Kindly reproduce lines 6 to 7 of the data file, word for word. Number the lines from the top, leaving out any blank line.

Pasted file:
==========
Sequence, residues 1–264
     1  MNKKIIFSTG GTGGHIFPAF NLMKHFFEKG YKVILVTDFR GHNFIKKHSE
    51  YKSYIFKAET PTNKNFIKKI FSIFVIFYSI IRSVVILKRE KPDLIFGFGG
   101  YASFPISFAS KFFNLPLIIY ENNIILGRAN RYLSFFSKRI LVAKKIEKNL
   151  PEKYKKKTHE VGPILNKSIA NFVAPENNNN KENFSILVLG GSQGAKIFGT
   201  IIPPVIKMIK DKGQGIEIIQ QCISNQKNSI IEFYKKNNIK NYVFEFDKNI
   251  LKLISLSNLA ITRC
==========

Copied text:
   201  IIPPVIKMIK DKGQGIEIIQ QCISNQKNSI IEFYKKNNIK NYVFEFDKNI
   251  LKLISLSNLA ITRC